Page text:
One of President Donald Trump’s first official acts, an executive order directing federal agencies to ease Affordable Care Act burdens, shouldn’t have any effect on litigation concerning various aspects of the health-care reform law.
Tom Bulleit, who heads the health-care practice in Ropes & Gray LLP’s Washington office, told me the order has nothing to do with the lawsuits. The Department of Justice is defending numerous claims against the government, ranging from those brought by health insurers seeking ACA risk corridor payments to religious nonprofit organizations that don’t want to be compelled to provide insurance covering products and services they deem sinful.
The Trump DOJ might decide to cease defending the cases, but the agency has had that power all along, Bulleit said. It’s possible the DOJ might use the executive order as “cover” should it stop participating in the cases, but it doesn’t need to, he said.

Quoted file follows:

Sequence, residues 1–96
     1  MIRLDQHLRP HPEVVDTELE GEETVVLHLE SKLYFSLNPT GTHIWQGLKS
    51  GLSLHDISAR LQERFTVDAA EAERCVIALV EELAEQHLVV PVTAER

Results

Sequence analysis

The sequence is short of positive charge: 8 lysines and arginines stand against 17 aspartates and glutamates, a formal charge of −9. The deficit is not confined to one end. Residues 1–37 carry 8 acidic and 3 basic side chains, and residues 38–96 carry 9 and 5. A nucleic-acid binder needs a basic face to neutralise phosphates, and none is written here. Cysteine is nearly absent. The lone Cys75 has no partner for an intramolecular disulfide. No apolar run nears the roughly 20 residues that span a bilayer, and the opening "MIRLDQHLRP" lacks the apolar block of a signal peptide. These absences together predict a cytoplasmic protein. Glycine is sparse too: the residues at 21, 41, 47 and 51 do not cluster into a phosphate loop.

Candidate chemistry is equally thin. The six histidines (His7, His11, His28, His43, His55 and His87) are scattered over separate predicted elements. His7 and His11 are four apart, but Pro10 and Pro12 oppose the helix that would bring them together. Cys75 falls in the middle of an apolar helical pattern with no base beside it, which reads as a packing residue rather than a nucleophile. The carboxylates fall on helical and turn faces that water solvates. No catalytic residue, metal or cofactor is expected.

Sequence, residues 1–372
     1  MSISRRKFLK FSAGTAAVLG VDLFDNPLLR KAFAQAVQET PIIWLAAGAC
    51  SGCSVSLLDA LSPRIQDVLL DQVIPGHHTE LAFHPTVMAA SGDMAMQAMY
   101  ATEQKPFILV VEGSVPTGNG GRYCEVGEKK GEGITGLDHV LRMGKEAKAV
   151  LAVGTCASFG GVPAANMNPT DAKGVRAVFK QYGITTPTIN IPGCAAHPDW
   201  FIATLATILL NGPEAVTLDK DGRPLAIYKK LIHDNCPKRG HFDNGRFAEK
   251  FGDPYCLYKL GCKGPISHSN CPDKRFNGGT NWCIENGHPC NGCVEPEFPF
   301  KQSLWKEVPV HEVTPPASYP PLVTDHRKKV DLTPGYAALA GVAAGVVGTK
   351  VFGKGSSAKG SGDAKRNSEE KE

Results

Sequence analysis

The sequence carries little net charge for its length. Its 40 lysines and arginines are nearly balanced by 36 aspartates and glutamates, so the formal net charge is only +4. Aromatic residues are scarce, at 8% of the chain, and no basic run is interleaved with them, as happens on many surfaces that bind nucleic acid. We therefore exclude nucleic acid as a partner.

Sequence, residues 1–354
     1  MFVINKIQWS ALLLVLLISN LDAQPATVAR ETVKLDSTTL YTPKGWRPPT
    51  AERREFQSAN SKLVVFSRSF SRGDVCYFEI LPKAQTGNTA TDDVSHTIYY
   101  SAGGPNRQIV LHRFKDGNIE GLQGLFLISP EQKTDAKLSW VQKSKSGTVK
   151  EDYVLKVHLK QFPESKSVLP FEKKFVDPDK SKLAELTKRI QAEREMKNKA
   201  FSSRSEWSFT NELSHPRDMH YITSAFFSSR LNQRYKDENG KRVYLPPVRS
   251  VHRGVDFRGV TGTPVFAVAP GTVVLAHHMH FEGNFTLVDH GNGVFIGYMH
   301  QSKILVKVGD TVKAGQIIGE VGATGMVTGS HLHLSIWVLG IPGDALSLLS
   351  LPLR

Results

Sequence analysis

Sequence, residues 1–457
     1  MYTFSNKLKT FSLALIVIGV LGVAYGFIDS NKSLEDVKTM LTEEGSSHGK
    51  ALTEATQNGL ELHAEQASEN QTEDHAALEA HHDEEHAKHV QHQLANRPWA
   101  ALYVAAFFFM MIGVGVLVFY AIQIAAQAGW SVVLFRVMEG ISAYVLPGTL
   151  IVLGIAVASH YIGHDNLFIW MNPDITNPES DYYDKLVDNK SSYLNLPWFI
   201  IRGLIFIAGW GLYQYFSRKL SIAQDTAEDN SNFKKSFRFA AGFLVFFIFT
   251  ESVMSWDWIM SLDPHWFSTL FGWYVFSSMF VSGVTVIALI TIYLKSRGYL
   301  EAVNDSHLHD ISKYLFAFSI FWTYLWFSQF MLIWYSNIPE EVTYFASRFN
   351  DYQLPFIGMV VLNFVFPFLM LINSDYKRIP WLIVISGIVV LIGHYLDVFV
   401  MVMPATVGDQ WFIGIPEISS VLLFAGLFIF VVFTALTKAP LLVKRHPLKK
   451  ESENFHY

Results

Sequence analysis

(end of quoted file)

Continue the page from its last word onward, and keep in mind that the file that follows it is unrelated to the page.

Tim Jost, a well-known health-policy wonk, said the order may cause the DOJ to review its litigation stance in several cases. But he and Josh Blackman, who opposes the ACA, agreed the executive order doesn’t compel the DOJ to any particular action, even in U.S. House of Representatives v. Burwell, the high-profile case holding that cost-sharing payments the HHS made to insurers were illegal because Congress hadn’t appropriated the money for them. The decision is on appeal, but the appeal has been halted so the Trump administration can weigh in.
Trump’s executive order will no doubt have significant ramifications throughout the health-care industry, but maybe not so much on pending litigation.
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